Interview with Author Brendan Le Grange

A marine archaeologist
standing up for herself. A psychopath with mother issues.  A hitman who hates failure. A soldier with a
point to prove. And a treasure that tests every allegiance.

Brett Rivera has spent three years searching for the


. The day she finds it is the day her life changes: there is
no sign of its legendary treasure and now a cold-blooded killer is hunting her.
What does he know that she doesn’t?

Brett is chased in Finland,
double-crossed in Tallinn, abducted in Lübeck, and shot at in Bremen as this
action-packed thriller dashes across northern Europe, barely pausing for breath.

A shipwreck.  A lost
A hell of a
race from one to the other.


First off, I want to thank Branden for speaking with us today.

us a little bit about yourself and your motivation to become an author.

the last six or seven years I’ve been travelling a lot, for work and pleasure,
first primarily in Europe and more recently primarily in Asia. This got me into
writing in two ways: the pull of wanting to read a good book while stuck in
airports and the push of stories I though could come out of some of those

really where it started, or at least where it moved from writing work-related
articles to trying to write fiction.

2) Where did you get the inspiration for your debut novel, Drachen?

often joke that it was inspired by the carving of three dragons and the stained-glass
window that book-end most of Drachen’s

living in Denmark I used to love visiting the Hanseatic towns of Northern
Europe. I knew I wanted to pull some of that charm and history into my first
book, but it was when I linked those two unusual dragon motifs that I got a
tighter theme and geography. And I knew it had to be fun and fast-paced because
I’d just finished my MBA and had had my fill of serious non-fiction. I decided
I needed to write the sort of book you could read in an airport or on a flight,
while not necessarily operation at your highest intellectual capacity!

those boundaries established, I started writing and largely followed where the
story took me, finally zooming in on the parts of longer story I really wanted
to cover.

earliest drafts included Brett’s discovery of Drachen, her ill-fated dive on the wreck, and her escape from the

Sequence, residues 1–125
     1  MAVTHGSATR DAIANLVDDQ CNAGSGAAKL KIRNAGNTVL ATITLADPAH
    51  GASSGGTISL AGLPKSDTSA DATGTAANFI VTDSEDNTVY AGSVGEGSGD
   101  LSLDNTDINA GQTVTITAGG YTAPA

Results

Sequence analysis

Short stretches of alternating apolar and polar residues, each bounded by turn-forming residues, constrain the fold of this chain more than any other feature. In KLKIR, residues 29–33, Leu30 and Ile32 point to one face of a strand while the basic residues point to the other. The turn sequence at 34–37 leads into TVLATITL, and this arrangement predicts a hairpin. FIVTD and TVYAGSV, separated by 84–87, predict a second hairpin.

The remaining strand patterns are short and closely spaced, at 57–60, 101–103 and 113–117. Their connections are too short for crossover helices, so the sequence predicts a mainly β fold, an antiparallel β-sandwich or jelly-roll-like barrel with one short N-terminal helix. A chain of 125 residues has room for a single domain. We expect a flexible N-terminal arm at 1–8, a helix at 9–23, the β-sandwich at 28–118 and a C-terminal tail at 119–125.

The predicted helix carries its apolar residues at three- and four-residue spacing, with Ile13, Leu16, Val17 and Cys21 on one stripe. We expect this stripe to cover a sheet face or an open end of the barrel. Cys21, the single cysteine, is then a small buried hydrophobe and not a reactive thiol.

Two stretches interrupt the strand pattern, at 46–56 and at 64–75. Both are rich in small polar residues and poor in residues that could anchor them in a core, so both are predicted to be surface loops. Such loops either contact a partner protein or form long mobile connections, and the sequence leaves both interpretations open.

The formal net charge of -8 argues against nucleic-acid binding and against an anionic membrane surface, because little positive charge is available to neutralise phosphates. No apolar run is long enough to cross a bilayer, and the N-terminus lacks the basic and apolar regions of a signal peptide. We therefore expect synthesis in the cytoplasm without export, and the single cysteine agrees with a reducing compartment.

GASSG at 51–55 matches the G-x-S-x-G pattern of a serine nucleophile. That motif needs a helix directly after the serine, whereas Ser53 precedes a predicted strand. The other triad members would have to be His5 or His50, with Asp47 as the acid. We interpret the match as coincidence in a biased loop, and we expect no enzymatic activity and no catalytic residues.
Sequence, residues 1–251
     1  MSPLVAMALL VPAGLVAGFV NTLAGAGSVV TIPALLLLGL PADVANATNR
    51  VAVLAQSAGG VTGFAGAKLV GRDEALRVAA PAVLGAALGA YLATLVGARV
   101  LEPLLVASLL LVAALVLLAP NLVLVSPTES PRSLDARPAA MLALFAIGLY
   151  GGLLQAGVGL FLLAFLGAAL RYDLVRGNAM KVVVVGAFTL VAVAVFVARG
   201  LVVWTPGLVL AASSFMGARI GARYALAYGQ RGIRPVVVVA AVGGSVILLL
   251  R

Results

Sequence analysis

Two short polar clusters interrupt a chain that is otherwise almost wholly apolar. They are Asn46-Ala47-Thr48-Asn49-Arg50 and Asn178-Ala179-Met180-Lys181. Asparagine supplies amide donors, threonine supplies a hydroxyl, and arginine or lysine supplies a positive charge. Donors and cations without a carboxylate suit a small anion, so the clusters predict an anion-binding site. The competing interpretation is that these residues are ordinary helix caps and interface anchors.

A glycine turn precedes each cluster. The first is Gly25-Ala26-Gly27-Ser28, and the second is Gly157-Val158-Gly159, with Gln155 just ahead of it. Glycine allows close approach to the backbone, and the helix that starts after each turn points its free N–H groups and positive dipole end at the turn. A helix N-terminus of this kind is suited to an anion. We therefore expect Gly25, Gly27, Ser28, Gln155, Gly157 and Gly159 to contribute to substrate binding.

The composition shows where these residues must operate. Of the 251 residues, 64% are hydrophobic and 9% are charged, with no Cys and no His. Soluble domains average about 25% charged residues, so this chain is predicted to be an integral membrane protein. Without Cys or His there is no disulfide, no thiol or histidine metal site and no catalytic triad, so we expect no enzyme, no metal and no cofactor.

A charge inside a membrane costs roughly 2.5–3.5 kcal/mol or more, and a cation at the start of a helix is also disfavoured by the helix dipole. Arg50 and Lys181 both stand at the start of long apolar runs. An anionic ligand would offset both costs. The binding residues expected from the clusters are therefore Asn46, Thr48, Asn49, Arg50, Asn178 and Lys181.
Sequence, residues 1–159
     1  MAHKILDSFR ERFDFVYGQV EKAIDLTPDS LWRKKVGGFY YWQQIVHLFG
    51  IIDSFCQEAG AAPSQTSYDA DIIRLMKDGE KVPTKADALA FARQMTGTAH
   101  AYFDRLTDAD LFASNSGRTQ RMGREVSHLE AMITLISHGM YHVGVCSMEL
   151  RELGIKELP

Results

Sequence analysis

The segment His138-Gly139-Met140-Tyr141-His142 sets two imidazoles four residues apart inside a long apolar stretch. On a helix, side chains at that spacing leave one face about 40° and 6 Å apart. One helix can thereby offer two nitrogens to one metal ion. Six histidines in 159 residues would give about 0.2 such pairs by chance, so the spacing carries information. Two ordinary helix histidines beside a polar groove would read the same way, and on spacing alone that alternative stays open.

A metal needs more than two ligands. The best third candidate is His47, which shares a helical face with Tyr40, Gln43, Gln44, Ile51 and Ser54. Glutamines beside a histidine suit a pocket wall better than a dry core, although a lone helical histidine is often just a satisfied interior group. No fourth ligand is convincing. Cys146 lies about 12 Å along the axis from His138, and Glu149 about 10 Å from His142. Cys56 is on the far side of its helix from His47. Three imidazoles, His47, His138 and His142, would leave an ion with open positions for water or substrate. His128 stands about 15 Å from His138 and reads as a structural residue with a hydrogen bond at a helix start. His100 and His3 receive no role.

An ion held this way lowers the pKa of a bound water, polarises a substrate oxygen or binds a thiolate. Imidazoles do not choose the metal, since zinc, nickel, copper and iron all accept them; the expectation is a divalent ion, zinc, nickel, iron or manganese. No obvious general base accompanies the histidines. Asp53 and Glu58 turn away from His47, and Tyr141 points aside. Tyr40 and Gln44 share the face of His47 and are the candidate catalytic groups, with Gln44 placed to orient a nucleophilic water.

armed gang that hijacked her boat – all scenes now on ‘the cutting room floor’
so that the reader hits the ground running.

3) How did your experiences in traveling through 40 different countries help
you with writing the book?

would have done it anyway, but it certainly plays a big role for my writing.
Personally it is a great way to capture some memories and to keep random walks
through new towns interesting. And for the story it adds a degree of realism
that you can’t get from Google. I actually don’t write all that much about the
towns in Drachen but still many
people comment on how nicely the locations play out – I think this is because
if you’ve visited a place and enjoyed it yourself, you’re better able to write
its essence not just its exterior.

have visited every location in Drachen,
the follow-up is set in the mountains above my new home, and the longer term
plans for the series include visits to the Philippines where I spend about 30%
of my time at the moment and India where I honeymooned so I hope the trend

4) Drachen fits in the historical-fiction/thriller genre. Is this a genre you
are interested in exploring further with future books, or are
there other genres that interest you as well?

the longer term I would like to write something more artistic, and if I let
myself dream up some talents I don’t yet have it’d be a whimsical fable inspired
by The Little Prince, but…

the moment I’ll be writing in the genre I think of as ‘adventure thriller’:
part action and adventure/ part thriller. The history side of things is
important for this as it allows me to lean more towards the ‘fun’ adventure side
of the thriller genre.

I hinted above, I have a few more books in the series planned but I also have a
new character I’m waiting to let loose in a slightly more quirky world.

5) Was there a character in the book that you could identify with or that you
particularly enjoyed writing in this book?

let myself have the most fun with Patrick I think, but all of them were fun to
write as I modeled them all on good friends: I worked with Brett for many
years, Matthys and I moved to Denmark at the same time, Roman is a mix of two
of my good friends, and Sam and his family arrived in Hong Kong the exact same
day we did.

same was true of Patrick but he had a head-start, being a real-life spy and